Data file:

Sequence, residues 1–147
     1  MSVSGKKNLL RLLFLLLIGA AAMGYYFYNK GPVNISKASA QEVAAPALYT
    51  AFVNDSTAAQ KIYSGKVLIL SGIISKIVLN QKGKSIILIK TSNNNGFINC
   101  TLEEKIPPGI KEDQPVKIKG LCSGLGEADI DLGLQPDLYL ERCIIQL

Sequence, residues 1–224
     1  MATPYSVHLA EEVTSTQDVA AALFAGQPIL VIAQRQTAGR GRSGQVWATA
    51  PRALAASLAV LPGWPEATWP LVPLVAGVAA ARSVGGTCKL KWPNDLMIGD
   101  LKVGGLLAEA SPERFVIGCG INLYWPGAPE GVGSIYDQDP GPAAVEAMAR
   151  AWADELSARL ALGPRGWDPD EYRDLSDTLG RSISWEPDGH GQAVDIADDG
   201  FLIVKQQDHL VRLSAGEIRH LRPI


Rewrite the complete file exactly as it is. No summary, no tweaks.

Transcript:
Sequence, residues 1–147
     1  MSVSGKKNLL RLLFLLLIGA AAMGYYFYNK GPVNISKASA QEVAAPALYT
    51  AFVNDSTAAQ KIYSGKVLIL SGIISKIVLN QKGKSIILIK TSNNNGFINC
   101  TLEEKIPPGI KEDQPVKIKG LCSGLGEADI DLGLQPDLYL ERCIIQL

Sequence, residues 1–224
     1  MATPYSVHLA EEVTSTQDVA AALFAGQPIL VIAQRQTAGR GRSGQVWATA
    51  PRALAASLAV LPGWPEATWP LVPLVAGVAA ARSVGGTCKL KWPNDLMIGD
   101  LKVGGLLAEA SPERFVIGCG INLYWPGAPE GVGSIYDQDP GPAAVEAMAR
   151  AWADELSARL ALGPRGWDPD EYRDLSDTLG RSISWEPDGH GQAVDIADDG
   201  FLIVKQQDHL VRLSAGEIRH LRPI